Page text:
PRAG will keep this issue under review and may issue further guidance if there is sufficient demand.
Hybrid schemes: comparative information
The Pensions SORP (2018) has clarified the requirement to present prior year comparative information for hybrid schemes: schemes with a Defined Benefit (DB) section and a Defined Contribution (DC) section.
The Pensions SORP (2018) recommends that comparative figures are provided on the face of the primary statements. However, if it is not practical to do so, comparative figures can be prominently presented in the notes to the accounts instead.
While this will require a fuller analysis of their numbers in the current year’s accounts, the information needed to produce the requirements is already available from the previous year’s accounts.
The requirement to include comparatives applies to the primary statements of schemes with multiple DB sections.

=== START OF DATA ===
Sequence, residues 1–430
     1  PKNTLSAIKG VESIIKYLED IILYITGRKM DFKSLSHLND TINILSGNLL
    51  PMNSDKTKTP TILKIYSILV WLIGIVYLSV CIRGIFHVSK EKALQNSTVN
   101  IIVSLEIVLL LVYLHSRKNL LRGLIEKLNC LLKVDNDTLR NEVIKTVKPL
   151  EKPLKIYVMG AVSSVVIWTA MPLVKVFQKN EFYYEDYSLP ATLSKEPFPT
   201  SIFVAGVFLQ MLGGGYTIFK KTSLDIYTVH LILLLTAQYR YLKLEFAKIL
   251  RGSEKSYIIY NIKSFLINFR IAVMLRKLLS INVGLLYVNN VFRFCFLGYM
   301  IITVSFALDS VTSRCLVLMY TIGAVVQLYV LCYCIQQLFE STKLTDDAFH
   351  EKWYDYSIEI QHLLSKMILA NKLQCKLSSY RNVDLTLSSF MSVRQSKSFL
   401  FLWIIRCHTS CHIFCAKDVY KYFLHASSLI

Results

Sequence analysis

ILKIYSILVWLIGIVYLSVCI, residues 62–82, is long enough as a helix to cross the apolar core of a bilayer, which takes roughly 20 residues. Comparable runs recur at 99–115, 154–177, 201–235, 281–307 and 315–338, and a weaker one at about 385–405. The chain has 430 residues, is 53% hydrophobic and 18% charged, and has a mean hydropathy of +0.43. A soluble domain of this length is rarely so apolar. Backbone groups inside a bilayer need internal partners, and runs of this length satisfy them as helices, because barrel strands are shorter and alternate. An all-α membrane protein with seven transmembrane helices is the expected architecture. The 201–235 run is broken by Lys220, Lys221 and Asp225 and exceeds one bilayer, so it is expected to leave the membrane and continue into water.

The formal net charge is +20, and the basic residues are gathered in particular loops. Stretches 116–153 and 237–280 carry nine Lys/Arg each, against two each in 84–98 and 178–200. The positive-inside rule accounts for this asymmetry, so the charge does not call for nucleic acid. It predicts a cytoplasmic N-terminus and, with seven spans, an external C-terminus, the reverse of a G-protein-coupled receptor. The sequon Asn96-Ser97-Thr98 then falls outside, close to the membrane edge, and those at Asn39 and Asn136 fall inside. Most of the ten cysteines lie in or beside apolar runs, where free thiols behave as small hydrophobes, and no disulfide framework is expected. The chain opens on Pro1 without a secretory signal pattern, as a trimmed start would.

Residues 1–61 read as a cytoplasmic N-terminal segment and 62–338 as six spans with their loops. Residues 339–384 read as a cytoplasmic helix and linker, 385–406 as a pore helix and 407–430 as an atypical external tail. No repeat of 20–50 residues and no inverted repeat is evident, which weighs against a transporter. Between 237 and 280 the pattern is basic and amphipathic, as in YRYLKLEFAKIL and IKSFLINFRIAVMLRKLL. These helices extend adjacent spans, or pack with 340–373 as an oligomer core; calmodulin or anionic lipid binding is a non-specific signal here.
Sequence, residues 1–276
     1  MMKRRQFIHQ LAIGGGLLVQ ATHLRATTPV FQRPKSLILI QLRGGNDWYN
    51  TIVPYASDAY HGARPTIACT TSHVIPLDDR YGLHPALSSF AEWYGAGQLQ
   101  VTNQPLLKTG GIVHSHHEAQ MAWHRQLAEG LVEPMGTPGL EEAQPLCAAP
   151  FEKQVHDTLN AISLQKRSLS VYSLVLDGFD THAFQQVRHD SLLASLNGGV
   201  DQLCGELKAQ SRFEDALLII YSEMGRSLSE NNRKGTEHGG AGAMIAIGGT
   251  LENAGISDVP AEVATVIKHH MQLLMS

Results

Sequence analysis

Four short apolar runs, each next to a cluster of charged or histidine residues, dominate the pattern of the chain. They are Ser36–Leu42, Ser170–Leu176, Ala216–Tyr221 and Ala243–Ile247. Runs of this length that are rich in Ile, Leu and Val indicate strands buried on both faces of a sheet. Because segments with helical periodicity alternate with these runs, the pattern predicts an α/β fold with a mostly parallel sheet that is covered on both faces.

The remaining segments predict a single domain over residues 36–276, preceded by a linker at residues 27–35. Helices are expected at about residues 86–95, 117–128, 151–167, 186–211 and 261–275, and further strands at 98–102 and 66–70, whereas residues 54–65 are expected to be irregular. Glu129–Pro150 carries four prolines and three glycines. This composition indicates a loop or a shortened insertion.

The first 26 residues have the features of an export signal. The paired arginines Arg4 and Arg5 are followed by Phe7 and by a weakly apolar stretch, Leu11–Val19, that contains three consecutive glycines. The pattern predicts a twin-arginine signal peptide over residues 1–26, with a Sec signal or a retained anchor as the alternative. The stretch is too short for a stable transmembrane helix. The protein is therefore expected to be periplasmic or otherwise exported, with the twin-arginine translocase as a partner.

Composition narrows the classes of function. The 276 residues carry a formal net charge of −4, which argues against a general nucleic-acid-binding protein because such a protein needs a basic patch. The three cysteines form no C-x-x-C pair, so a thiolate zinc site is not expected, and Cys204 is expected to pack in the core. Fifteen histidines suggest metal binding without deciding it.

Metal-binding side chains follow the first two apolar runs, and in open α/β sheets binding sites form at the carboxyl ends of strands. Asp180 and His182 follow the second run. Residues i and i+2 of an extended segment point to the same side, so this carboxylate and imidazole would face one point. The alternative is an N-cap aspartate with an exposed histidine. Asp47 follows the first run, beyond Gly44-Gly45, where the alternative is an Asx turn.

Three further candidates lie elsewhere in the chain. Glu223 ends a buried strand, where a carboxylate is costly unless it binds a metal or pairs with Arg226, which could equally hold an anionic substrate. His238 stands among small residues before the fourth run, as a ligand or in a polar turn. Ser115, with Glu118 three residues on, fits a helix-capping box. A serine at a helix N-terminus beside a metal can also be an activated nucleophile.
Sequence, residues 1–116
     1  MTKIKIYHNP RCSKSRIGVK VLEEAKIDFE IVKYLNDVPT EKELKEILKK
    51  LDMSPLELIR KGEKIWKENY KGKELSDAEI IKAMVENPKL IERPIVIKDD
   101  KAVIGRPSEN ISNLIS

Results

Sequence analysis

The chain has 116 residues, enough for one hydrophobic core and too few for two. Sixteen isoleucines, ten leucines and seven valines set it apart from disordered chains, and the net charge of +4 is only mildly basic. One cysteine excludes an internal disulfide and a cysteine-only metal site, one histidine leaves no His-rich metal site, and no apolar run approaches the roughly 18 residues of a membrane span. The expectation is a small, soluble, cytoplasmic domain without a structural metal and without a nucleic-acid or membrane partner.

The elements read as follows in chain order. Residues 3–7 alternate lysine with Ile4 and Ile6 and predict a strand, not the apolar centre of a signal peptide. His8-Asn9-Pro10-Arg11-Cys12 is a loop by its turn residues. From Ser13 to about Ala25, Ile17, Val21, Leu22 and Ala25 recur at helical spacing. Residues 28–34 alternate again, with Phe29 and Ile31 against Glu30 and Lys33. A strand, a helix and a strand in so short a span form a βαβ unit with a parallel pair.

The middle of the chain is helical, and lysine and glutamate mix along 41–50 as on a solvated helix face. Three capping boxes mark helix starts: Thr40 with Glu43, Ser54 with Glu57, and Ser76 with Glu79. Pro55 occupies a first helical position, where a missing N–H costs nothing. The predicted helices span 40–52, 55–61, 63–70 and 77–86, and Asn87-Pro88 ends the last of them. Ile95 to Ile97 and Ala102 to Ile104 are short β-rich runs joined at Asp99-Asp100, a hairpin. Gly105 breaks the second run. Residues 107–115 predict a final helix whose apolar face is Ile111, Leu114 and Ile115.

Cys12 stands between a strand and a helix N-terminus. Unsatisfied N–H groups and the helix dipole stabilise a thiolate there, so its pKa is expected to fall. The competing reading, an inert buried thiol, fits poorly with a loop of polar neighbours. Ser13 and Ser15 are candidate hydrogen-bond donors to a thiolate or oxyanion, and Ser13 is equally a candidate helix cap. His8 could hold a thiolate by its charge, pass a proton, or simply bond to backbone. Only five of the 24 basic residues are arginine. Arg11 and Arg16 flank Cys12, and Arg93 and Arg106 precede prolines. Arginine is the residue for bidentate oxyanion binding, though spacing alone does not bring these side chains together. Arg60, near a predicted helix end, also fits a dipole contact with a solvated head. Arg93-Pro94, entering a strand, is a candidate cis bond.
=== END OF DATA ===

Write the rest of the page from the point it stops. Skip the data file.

Transfers out from a pension scheme were previously treated differently by the Pensions SORP and FRS 102. FRS 102 required transfers out to be disclosed on the face of the Fund Account whereas the Pensions SORP only required disclosure in the notes to the accounts. FRS 102 has now been amended to bring it into line with the Pensions SORP.
However, in view of the increased volume of transfers out as a result of scheme members exercising the pension freedoms, transfers out could be a material to the scheme accounts. Where this is the case trustees may wish to consider disclosing transfers out on the face of the Fund Account.
Fair value hierarchy disclosures